Most people I worked with this last year will tell you it was a tough year for intactivism. Not all of the setbacks were caused by our opponents, either. There were missteps and unexpected unintended consequences resulting from a few of the efforts intactivists engaged in. That’s my take that more than a few disagree with.
I’m not going to rehash what the problems were. I’ll only say that when we individually or in small groups seek to push this issue forward, a thoughtful period of reflection can’t be all bad. As much as we want genital mutilation and the child abuse to stop, we have to work through all the possible outcomes as much as possible and prepare for the most obvious.
Beyond that, this movement is one of individual effort. I applaud every person who puts him or herself on the line, risking family and professional relationships, their livelihood and their future to make it just a little less likely some poor infant will have the flesh torn and sliced from his penis in the name of culture, junk medicine or religion.
New Direction, New Emphasis
For some time now, prevention efforts have been gaining a strong following across the country that, while still nascent, are very promising. The new faces and new voices that pop up everyday in comments to news articles and on facebook in reference to some new outrage to line the pockets of American circumcisers in Africa are helping to mainstream intactivism.
So, while we are far from victory, it is time for this blog (and for me personally) to begin asking what’s next in building the current synergistic, multidisciplinary movement to end the suffering from forced and unwanted circumcision.
Traditionally, there have been two pillars of intactivism. The first is education and outreach to drive down the numbers of children subjected to this abuse. The second has always been restoration. Getting involved in the latter has often been a highly personal journey that requires a level of mental and emotional fortitude few can sustain over the period necessary to be successful. I believe there are developments afoot that could bring much needed changes, thereby making this second part of the movement available to many more men and their partners.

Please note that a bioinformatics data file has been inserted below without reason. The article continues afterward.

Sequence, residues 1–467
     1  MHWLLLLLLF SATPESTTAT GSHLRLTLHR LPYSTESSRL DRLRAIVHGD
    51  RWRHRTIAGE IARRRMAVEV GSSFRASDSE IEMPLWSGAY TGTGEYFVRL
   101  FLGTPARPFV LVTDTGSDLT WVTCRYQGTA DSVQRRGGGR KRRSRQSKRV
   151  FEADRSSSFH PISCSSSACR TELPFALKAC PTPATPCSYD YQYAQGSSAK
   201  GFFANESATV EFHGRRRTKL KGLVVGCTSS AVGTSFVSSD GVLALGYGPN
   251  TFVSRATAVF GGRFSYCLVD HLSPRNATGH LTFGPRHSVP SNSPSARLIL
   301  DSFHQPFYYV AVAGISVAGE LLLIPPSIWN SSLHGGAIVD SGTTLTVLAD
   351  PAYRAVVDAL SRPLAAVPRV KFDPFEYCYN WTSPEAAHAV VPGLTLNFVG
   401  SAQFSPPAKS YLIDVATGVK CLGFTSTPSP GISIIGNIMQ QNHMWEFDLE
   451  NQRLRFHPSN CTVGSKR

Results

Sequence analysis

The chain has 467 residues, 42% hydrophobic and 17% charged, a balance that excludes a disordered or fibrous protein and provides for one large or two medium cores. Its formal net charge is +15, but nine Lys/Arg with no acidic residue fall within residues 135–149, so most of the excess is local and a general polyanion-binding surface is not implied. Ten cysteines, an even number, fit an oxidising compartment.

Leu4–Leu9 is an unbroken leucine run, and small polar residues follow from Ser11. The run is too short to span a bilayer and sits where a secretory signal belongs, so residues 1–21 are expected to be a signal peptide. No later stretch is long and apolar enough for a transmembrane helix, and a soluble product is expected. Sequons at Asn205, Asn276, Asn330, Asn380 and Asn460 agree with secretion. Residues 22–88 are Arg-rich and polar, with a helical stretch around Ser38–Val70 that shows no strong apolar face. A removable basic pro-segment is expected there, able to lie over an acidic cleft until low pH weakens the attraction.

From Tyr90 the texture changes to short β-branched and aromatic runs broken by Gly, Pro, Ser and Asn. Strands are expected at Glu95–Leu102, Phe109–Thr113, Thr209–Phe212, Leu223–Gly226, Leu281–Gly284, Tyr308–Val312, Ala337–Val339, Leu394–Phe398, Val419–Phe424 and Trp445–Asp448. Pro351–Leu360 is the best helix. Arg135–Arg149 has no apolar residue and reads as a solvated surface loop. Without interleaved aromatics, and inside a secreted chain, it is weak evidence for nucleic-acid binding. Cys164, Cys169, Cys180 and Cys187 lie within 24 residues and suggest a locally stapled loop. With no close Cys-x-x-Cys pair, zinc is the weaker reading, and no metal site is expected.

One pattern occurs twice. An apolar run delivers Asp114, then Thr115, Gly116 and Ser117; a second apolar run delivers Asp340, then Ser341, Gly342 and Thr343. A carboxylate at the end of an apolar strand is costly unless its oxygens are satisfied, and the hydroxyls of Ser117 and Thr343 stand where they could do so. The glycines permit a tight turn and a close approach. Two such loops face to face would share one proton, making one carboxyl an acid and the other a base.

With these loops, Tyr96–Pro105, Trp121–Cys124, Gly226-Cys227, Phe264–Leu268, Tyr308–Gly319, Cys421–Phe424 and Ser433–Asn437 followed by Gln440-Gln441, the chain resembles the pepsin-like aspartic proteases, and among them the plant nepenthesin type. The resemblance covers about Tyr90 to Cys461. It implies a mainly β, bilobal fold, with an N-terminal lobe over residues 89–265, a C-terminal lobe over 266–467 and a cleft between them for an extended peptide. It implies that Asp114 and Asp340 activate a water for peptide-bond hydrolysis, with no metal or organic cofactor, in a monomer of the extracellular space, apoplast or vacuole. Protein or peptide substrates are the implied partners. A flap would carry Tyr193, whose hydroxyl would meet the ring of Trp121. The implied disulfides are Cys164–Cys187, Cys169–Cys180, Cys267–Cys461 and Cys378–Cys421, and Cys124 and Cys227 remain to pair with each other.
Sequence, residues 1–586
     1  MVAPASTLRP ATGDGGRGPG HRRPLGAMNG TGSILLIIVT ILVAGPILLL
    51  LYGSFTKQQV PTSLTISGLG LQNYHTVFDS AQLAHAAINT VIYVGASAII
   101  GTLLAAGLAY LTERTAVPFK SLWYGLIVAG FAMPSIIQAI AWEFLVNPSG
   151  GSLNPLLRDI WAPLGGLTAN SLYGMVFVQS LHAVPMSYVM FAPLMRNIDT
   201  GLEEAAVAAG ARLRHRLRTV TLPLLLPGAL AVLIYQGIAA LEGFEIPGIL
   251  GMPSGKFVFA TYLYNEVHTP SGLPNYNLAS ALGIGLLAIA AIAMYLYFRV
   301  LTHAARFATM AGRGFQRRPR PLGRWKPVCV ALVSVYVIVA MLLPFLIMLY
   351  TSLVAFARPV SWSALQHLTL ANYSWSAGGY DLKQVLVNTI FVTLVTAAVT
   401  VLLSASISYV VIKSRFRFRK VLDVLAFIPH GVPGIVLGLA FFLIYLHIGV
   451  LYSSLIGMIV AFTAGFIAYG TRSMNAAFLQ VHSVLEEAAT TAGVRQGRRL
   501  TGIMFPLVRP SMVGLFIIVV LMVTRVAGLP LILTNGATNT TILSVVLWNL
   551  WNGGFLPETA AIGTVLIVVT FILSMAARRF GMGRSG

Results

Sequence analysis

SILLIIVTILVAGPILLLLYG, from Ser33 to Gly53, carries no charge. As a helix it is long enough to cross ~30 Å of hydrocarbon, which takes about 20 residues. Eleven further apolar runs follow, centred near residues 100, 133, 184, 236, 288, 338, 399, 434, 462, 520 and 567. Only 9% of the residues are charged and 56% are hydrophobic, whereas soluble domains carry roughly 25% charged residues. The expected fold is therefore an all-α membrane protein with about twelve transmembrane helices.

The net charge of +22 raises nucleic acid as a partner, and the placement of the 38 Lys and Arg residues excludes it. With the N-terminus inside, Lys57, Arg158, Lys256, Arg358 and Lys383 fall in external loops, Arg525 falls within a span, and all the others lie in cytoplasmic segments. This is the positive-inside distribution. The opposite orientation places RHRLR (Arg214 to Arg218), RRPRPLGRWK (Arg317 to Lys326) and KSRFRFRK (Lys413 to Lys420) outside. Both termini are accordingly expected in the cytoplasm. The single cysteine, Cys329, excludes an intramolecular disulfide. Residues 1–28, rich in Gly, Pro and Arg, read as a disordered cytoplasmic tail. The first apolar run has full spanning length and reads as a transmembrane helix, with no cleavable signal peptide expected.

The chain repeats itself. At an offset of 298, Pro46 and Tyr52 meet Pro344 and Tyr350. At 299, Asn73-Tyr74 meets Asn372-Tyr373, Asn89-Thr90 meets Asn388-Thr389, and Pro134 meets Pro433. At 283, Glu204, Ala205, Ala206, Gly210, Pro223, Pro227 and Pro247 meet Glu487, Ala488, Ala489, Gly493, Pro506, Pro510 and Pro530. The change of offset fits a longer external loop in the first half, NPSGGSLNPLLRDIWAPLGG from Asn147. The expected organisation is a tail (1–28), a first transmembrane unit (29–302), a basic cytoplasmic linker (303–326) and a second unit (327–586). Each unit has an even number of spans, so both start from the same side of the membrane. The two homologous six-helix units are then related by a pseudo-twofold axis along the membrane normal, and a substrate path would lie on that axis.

Foregen is an organization, founded in Italy, that has recently extended its efforts into the nonprofit sector of the United States. In short, restoration through regenerative medicine is its area of concern. While you can go to their website to learn more about their ideas and efforts to get the research done, I will say this: we need this research because we need real therapies that are realistically within the grasp of every man who has suffered from being circumcised, whether he was circumcised by force or submitted to circumcision as an adult.
Still one might ask why. If we have restoration through skin expansion technologies, why do we need a new medical approach to foreskin restoration? The short answer is because skin expansion does not work for everyone. It is not often spoken about perhaps because restoration failure is or feels like defeat for the movement. To admit that once circumcised, it is permanent and no amount of personal effort can overcome the damage, the violation, or the psychological fall out is to submit to those who do this to children and misguided adults.
Over the next year, I’m going to be touching on regenerative medicine and its promise for foreskin restoration here on the blog. I’m aware that this is getting a little far afield from circumcision and HIV. However, as the blog evolves towards intactivism, I believe regenerative medicine needs and deserves attention.
Meanwhile, Dr. Stephen Badylak, while perhaps not necessarily a friend (or foe) of intactivism, has done some killer research that could help regenerative restoration take a giant step forward. He spoke at the Singularity Summit in 2011. Below is his talk that explains what is possible.